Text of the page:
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Creative Planning CEO: Biden’s Capital Gains Tax Plan Could Kill Model Portfolios

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What You Need to Know

  • A capital gains tax hike could dramatically change the investment decisions advisors make.
  • Consider the diminished role of bonds in portfolios.
  • The world wants a reliable cryptocurrency.
Peter Mallouk Creative Planning CEO Peter Mallouk.

Peter Mallouk, CEO of Creative Planning, says an increase in the capital gains tax, which President Joe Biden is considering, could “dramatically change” investment decisions and “drive a stake through the heart of model portfolios” many advisors use.

Biden campaigned on a variety of plans to increase government revenue, including raising the marginal tax rate for those earning more than $400,000 from 37% to 39.6% and raising the tax on long-term capital gains and qualified dividends from 20% to 39.6% for those taxpayers earning more than $1 million.

The president has not yet proposed these and other tax changes as he is focused first on getting the coronavirus pandemic under control and providing relief to families, businesses and communities affected by its economic fallout. But Treasury Secretary Janet Yellen, in her written responses to questions for her confirmation hearing, affirmed Biden’s plans to increase the capital gains tax for wealthy investors and tax their unrealized capital gains — both designed to “remove biases on the tax code that favor wealth over work.”

At the hearing, Yellen said in response to a question about taxing unrealized gains, “capital gains at some point should be taxed,” noting that a “mark-to-market approach is one method but not the only method.”

Impact of Higher Capital Gains Taxes

If capital gains taxes are increased for wealthy investors, advisors will no longer be able to get away with taking the portfolio of a new client, converting it to cash and then investing the proceeds, Mallouk says. “There will be more demand for customization that didn’t exist before,” affecting advisors that pitch model portfolios in particular, he says.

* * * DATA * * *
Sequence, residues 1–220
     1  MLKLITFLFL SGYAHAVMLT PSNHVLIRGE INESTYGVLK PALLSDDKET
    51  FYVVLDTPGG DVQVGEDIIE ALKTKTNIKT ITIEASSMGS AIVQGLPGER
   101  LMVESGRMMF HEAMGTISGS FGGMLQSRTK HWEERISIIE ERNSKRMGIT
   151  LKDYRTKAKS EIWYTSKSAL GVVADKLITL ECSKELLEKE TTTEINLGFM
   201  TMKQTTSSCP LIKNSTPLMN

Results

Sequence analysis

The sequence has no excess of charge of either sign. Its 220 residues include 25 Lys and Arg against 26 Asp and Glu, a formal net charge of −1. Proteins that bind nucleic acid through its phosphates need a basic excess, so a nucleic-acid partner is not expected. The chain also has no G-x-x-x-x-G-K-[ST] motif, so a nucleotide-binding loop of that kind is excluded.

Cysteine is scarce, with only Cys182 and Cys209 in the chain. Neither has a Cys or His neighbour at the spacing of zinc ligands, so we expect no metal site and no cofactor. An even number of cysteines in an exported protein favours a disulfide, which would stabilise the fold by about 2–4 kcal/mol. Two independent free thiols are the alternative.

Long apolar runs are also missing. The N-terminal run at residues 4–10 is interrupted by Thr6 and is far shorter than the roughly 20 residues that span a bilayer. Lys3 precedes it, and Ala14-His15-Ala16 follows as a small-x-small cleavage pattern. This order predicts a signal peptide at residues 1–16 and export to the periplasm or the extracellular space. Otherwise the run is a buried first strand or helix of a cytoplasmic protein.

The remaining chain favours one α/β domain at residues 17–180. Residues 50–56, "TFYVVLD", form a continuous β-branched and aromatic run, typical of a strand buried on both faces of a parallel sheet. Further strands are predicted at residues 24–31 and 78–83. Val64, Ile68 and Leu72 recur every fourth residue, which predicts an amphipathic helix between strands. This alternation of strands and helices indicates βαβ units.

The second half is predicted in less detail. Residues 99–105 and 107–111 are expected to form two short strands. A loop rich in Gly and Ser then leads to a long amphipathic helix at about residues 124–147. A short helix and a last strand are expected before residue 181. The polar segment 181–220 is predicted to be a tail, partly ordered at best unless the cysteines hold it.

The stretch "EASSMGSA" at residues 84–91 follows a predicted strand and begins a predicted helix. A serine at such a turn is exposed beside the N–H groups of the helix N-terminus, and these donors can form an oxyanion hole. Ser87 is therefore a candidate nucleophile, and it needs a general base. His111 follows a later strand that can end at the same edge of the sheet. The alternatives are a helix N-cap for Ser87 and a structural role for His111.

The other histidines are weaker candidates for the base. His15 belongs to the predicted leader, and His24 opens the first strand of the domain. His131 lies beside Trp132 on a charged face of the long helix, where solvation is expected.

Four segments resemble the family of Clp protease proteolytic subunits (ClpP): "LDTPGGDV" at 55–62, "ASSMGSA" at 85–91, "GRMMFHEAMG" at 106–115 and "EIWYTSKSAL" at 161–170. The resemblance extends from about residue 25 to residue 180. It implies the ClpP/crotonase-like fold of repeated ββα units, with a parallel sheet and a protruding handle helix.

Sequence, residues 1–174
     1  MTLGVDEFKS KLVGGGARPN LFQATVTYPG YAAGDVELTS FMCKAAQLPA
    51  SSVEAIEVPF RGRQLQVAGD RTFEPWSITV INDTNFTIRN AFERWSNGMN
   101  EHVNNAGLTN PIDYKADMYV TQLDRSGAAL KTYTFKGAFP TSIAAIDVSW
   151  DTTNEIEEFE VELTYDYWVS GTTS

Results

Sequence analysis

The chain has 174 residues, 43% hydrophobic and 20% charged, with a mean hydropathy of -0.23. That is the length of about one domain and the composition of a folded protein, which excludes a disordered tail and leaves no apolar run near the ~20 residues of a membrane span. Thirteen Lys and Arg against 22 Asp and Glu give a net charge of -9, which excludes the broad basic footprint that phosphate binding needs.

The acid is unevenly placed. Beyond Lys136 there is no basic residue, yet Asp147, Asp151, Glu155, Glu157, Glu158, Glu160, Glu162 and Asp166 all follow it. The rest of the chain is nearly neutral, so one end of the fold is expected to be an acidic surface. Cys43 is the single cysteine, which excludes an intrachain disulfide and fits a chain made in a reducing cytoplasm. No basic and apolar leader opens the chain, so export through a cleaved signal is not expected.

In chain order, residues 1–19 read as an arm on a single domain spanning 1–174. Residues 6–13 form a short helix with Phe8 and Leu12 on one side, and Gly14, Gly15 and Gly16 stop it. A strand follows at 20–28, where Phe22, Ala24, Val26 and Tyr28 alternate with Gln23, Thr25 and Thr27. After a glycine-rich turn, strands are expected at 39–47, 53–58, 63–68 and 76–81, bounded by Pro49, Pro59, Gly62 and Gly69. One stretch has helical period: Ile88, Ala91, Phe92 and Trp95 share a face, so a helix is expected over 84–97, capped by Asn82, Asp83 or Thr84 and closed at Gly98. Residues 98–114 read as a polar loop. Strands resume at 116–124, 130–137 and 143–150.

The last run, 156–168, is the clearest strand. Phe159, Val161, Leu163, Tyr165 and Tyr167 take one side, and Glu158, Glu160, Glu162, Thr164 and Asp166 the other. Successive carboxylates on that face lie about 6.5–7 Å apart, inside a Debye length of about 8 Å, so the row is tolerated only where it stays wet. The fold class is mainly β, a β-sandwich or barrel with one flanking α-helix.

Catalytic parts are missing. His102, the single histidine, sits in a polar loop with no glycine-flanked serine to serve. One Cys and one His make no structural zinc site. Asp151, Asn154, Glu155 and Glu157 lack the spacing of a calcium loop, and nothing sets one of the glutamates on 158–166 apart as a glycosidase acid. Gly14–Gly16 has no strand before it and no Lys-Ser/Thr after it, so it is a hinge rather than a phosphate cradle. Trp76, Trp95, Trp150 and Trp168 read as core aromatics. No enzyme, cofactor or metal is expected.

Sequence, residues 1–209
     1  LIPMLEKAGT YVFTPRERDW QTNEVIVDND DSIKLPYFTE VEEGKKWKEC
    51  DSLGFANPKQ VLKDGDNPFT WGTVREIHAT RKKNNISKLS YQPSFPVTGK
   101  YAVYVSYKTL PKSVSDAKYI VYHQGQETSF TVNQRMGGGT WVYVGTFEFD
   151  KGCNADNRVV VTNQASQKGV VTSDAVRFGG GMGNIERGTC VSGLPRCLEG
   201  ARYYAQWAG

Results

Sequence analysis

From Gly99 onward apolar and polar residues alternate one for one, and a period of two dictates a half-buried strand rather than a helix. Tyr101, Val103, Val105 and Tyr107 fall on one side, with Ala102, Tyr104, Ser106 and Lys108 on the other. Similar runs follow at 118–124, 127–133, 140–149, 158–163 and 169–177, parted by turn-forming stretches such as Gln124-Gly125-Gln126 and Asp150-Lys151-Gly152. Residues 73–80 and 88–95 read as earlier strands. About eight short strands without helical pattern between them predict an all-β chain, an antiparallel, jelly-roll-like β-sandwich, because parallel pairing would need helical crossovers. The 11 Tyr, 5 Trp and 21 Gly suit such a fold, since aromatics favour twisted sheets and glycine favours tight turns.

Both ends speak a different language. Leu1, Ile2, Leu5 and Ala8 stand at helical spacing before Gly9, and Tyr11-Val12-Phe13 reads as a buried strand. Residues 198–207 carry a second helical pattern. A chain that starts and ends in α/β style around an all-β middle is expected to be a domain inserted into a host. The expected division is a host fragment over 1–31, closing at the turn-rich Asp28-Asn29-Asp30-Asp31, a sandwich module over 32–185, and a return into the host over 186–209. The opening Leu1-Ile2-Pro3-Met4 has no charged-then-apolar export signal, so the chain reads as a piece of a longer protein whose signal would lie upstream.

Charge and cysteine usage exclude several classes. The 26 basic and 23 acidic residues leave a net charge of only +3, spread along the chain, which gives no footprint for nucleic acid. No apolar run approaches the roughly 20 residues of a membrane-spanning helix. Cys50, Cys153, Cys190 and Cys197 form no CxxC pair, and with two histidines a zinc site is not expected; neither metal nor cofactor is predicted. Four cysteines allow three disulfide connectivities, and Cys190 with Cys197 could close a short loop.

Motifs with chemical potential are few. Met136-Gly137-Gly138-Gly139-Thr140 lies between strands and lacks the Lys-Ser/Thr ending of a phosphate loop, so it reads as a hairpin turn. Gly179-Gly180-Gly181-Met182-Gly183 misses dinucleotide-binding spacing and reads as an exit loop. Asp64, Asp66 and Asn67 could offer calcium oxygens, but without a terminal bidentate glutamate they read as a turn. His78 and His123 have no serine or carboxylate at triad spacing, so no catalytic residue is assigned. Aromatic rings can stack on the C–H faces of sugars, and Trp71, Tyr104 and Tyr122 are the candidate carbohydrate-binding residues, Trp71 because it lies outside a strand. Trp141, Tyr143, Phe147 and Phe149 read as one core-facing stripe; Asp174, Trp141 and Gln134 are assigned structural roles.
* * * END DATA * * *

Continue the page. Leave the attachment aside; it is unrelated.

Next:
“Clients want advisors to work with the positions they bring to the table. They want advisors to work around the positions they bring, around capital gains.”

Mallouk adds that an increase in capital gains taxes will also bring mergers and acquisitions to a halt and affect the holding periods for private equity funds.

The Creative Planning CEO, who has expanded the firm from just $34 million in assets in 2004, when it he took it over, to close to $70 billion today, has some interesting things to say about bonds.

Replace 60/40 with 70/30 or 80/20?

Investors should hold only enough bonds to meet their income needs during a long-term bear market when they shouldn’t be selling stocks, according to Mallouk. Bonds are earning next to nothing now, less than most dividend-paying stocks, he says. “Do I really think I will earn zero in stocks for the next 10 years?”

In a recent podcast, he declared the traditional 60/40 asset allocation model “dead,” favoring 70/30 or 80/20 mix. He tells ThinkAdvisor that Creative Planning clients are holding 20% to 40% of their portfolios in foreign stocks, both emerging markets and developed markets, tilting toward the latter.

ESG and Crypto

Mallouk says environmental, social and governance focused investing is becoming more mainstream as an increasing number of investors, especially millennials, want their investments to match their values, but advisors shouldn’t necessarily bring up the subject directly. Rather, they should “find out what a client’s goals are.”

He says more and more clients are asking about cryptocurrencies, which are acquiring an aura of legitimacy that they didn’t have before. ”The world definitely wants there to be a cryptocurrency they can rely on … [but] “Bitcoin may or may not be the one that prevails.

“Look at AOL or Yahoo or Excite,” he says, referring to the once-hot internet companies that faded. “It will be interesting to see how the government regulates it all.”